- On my system, it is set to 5%, but it can be set lower if your computer is pretty stable.
Option 3 – Reduce Recycle Bin Space
Another quick way to reclaim some space in Windows is to reduce the amount of available space reserved for the Recycle bin. Follow these steps to do this:
- Find and right click on the Recycle bin icon, then select properties
- Click on Local Disk (C:), and ensure that the option “Custom Size” is selected
- Enter in a lower amount, such as 1024 or 2056 MB instead of the default value
Option 4 – Remove AppData Files Manually (Advanced)
If you’ve used the first two options, but still find yourself wanting to regain more space, the next option is to begin deleting unwanted AppData files. This needs to be done manually and can result in system instability or specific programs no longer working properly if done improperly. Be sure to make backups of your critical files before attempting this method.
Again, before you start on this method, be sure to back up any critical files in case of a system issue.
By default, Windows hides the AppData folder precisely to avoid users from accessing it and deleting things that should not be touched. Before we get started, we have to unhide this folder. Follow these steps to do that:
Unhide Hidden Windows Folders
- Click on the Start Menu and type in “File Explorer Options” and click on File Explorer Options
- Click the View tab, scroll to Hidden files & folders, then select “Show hidden files, folders & drives”
Navigate To The AppData Folder
- Click on the Start Menu, type in PC, then select This PC
- Double click the (C:) drive
- Double click the Users folder
- Double click your Windows Username
- Double click the AppData folder
- Double click the Local Folder
- Sort the folders by the Date Modified field / column
- You can delete any program folders that were not removed when you uninstalled the program previously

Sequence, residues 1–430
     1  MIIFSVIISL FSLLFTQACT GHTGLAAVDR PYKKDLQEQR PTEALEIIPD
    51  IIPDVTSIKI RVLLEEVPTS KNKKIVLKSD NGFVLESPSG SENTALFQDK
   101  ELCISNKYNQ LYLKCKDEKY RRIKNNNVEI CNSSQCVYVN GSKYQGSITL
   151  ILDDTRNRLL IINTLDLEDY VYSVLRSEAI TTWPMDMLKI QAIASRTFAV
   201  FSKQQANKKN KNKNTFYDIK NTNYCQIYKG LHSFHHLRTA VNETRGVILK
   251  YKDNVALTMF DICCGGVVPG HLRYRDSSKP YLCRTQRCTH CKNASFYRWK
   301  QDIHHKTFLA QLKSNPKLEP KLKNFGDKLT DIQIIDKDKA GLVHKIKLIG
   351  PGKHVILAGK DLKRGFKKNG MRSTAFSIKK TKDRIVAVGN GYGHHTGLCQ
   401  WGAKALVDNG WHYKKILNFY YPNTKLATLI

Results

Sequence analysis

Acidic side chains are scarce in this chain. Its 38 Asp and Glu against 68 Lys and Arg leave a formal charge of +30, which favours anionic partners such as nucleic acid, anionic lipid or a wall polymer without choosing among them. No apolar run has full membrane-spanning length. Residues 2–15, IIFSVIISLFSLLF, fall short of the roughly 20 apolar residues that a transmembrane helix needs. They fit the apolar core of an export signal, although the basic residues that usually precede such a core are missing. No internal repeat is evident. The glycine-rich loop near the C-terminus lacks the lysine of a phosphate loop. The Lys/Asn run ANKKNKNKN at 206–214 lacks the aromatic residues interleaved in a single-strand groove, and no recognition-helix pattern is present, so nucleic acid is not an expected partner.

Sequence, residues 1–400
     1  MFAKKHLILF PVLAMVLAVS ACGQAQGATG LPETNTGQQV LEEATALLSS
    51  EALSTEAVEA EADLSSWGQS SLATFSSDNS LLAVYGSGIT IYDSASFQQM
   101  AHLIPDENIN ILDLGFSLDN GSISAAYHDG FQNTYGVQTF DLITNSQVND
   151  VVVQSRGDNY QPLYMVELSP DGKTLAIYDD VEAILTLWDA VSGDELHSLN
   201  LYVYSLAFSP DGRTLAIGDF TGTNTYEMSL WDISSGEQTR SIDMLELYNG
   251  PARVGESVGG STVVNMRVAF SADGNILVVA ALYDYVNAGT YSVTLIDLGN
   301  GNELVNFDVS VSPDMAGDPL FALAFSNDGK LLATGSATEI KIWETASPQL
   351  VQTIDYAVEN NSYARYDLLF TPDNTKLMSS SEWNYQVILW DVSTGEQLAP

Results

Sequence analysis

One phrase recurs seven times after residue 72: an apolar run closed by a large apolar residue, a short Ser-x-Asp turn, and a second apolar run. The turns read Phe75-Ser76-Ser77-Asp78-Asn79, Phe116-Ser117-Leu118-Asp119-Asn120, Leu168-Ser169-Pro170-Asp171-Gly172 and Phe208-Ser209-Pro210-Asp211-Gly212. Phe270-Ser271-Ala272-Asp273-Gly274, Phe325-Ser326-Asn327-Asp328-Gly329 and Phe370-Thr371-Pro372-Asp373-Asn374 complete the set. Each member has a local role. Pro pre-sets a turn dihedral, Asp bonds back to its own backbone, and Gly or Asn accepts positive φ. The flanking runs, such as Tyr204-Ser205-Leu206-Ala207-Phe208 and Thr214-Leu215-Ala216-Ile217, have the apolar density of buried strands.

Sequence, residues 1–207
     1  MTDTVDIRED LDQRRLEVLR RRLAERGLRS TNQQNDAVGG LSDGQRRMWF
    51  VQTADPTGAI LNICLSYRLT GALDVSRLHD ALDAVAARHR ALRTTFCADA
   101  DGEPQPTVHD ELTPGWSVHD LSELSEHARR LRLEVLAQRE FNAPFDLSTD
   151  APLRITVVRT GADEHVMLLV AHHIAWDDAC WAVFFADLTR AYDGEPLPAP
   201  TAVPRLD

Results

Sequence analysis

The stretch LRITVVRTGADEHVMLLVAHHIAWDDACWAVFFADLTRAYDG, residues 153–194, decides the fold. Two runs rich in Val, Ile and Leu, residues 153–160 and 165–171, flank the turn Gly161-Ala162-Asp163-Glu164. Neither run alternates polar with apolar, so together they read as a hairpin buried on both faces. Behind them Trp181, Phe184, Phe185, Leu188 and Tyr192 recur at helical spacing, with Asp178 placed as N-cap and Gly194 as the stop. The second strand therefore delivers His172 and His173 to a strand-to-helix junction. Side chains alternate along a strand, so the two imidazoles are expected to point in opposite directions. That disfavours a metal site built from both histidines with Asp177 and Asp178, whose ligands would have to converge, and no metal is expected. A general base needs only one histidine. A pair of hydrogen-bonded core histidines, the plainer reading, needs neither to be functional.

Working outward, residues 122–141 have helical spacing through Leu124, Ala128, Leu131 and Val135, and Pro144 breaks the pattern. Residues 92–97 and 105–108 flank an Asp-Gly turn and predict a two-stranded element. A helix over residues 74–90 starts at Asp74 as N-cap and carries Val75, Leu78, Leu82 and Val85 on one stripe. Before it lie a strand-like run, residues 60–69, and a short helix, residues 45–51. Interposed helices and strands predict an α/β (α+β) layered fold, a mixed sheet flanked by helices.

You can also delete temp or cache files in specific app folders safely most of the time, but I recommend that you just move these files to another location first, start up the program, and if everything runs normally, then you can safely delete the temp files permanently.
For example, I use the program Grammarly which has pretty frequent updates. However, I noticed that the program keeps many older package files. I sort the files by Date Modified, then I delete all the older files, leaving only the newest file. Then I open up Grammarly and verify that the program does not crash and that all of my saved files are present before I permanently delete the older files from the Recycle bin.
As you can see below, doing this saved me approximately 2.5 GB from just one software folder. Every folder will not yield the same results, but you may have software that leaves behind very old files that are no longer needed.
** Avoid touching the Roaming Folder or any Windows or Microsoft Folders **
I hope these tips helped you to reclaim some additional storage or space on your Windows 10 computer. Remember to create system restore points and to make a backup of your important files before you start this step.
Leave a comment below if this helped you, if you had any issues with following the steps, or if you have found another way or a better way to save space in Windows 10. Good luck.